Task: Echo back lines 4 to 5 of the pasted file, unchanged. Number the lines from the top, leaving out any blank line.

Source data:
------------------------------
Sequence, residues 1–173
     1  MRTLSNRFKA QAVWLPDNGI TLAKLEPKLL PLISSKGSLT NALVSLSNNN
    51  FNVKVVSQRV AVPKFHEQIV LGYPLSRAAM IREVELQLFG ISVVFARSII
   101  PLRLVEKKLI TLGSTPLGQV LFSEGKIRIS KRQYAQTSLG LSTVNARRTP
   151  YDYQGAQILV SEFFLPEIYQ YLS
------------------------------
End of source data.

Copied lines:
   101  PLRLVEKKLI TLGSTPLGQV LFSEGKIRIS KRQYAQTSLG LSTVNARRTP
   151  YDYQGAQILV SEFFLPEIYQ YLS